Directed by Mike Nichols
Martha and George (Elizabeth Taylor, Richard Burton) are suburban witches in Who’s Afraid of Virginia Woolf. Their conservative campus residence plays like a nightmarish cottage deep in the woods, to which is drawn a young couple named Nick and Honey (George Segal, Sandy Dennis).
The entire film, a very theatrical adaptation of a hit play, takes place over the course of one night and almost exclusively within Martha’s and George’s home. The story opens deep into the night, already several drinks in, as Martha and George feud in a nasty fashion but one familiar to them. It is full of venom but conveyed as if it’s a language only the two of them speak.
Martha has invited over Nick and Honey, almost as if only to have a jury in front of whom she can pick apart her husband. He of course will return the favor before the young couple find themselves pulled into the muck. If Martha and George have curdled, boiling blood then soon Nick and Honey will too.
This idea of a dinner party from hell is quite familiar now, it’s its own sub-genre even. You take what look like sophisticated individuals and then undermine them, show what’s missing from their humanity, what can be measured in cultural and financial success but which has resulted in an empty core. Characters in stories like these have succeeded on one level but gone bankrupt on another, and their incredible lack shows both what our culture values and ignores.
But for the time these characters must have been even more monstrous. They exist right there within a heteronormative, dominant culture, no less marked by academic success. Martha’ father is the president of the university at which they live and at which George is an associate professor of history. Not only have they ‘made it’ in some sense, but they are in a position to transfer knowledge to the next generation.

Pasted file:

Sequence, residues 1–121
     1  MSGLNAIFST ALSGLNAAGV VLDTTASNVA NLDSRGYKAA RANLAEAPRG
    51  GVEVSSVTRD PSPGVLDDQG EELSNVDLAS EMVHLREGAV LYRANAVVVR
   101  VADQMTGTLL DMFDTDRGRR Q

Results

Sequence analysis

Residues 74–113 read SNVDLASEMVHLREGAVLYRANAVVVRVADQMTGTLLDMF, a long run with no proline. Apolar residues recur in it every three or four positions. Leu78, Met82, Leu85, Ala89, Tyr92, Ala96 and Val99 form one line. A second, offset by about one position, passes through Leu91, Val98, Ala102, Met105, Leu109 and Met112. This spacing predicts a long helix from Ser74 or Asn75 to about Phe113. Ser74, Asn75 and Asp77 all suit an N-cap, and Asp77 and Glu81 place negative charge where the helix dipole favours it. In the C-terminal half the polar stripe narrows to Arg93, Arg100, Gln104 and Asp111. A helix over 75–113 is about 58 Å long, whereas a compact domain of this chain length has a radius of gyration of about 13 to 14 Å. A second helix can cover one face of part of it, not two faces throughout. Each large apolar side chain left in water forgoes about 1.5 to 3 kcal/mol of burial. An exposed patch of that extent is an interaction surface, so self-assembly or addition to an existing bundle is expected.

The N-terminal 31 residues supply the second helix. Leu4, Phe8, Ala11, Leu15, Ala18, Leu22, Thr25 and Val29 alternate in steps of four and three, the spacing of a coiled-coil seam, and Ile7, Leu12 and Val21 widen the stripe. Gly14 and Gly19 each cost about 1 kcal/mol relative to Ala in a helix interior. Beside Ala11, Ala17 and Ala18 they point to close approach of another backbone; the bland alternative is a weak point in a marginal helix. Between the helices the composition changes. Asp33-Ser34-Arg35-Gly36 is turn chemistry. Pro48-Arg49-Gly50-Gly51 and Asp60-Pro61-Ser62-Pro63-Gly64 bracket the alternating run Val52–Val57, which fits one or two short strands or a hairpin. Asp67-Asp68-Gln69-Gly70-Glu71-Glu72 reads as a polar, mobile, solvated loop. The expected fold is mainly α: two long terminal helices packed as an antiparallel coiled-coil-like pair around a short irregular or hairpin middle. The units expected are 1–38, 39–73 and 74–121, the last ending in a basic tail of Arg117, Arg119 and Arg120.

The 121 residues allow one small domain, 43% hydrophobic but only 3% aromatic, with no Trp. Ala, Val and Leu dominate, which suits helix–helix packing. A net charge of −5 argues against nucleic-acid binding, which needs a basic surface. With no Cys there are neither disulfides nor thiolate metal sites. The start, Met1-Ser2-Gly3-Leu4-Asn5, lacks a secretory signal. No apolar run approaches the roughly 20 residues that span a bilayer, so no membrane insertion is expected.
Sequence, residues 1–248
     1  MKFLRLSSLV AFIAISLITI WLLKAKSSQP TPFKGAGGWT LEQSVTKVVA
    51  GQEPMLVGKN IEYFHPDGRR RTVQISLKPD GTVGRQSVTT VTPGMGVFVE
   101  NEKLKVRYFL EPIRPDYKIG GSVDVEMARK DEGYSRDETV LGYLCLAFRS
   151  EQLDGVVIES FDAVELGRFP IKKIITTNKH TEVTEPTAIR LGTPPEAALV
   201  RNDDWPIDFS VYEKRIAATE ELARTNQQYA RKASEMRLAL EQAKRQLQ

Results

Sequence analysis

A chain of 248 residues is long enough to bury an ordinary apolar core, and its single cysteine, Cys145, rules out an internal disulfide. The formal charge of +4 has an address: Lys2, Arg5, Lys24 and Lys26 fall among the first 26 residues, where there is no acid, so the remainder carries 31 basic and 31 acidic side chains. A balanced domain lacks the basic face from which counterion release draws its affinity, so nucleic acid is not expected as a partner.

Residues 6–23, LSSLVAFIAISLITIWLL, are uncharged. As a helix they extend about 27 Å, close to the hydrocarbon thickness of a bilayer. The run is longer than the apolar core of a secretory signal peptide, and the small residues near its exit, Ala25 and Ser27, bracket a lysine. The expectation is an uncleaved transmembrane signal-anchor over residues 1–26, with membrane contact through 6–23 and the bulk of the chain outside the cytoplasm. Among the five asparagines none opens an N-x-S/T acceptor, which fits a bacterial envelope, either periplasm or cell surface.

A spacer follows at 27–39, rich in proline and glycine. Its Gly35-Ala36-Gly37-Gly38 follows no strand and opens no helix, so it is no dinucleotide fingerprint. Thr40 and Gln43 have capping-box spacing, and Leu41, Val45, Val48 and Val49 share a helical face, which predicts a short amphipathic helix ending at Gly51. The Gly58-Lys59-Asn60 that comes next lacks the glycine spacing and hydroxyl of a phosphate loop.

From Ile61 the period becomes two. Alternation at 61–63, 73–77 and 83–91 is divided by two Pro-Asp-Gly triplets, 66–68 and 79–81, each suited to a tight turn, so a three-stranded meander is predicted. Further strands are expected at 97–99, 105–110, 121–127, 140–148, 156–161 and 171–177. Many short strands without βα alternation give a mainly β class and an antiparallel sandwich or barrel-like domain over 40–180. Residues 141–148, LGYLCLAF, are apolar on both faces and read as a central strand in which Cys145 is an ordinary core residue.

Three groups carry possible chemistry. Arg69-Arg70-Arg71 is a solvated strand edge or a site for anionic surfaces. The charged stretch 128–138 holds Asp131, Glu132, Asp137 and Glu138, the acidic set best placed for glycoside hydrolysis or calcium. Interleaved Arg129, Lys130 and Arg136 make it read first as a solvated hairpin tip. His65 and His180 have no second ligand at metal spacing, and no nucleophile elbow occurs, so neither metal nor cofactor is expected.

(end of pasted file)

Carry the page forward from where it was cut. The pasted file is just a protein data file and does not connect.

They are important, pivotal people, at least in theory, and yet all they can do is drink to excess, pick each other apart and then decide to make a spectacle of the whole thing in front of two supposedly innocent people who reflect them at a younger age. They are miserable and proud, and that they want to show it off to the younger generation only heightens their curmudgeonly vanity.
In 1966 so much of what would mark the 60s as a whole hadn’t yet happened. Aside from John F. Kennedy the assassinations were a couple years away, the Vietnam protests were only just getting started, Charles Manson was unknown, Ted Kennedy was unmarked by scandal, and Kent State was just another small university.
George and Martha suggest there’s something rotten underneath the facile facade of the post World War II boom. They are born out of, perhaps, an oppressive conformity, having played the game on the outside and suffered as a result on the inside. That their marriage could simply be so ugly didn’t make sense, I imagine.
Over the course of the film there will be information revealed but nothing so simple as to explain their behavior, perspective and proclivity for abuse. There is no clean, neat inflection point which birthed these characters like a fissure in the ground opening a portal to hell.
Instead they are a more nuanced product of the system and the culture, as if a natural but hard to see epidemic of the times, one that would become more visible over the rest of the decade.
These characters and the film must have been a shock to the system for the country and audiences alike. This is just before the rise of disaffected young adults, acid bikers and romanticized killers which would begin in earnest the following year, tapping into the pulse of young America.
Along with Arthur Penn’s The Chase (1966), this feels like a film that perfectly captures that inflection point in time, between the conformity of the 50s and the revolutionary spirit of the late 60s and 70s. There is a calm facade that gives way to chaos underneath and suggests, whether purposefully or not, what was to come.
Up Next: Sightseers (2012), You Were Never Really Here (2017), First Blood (1982)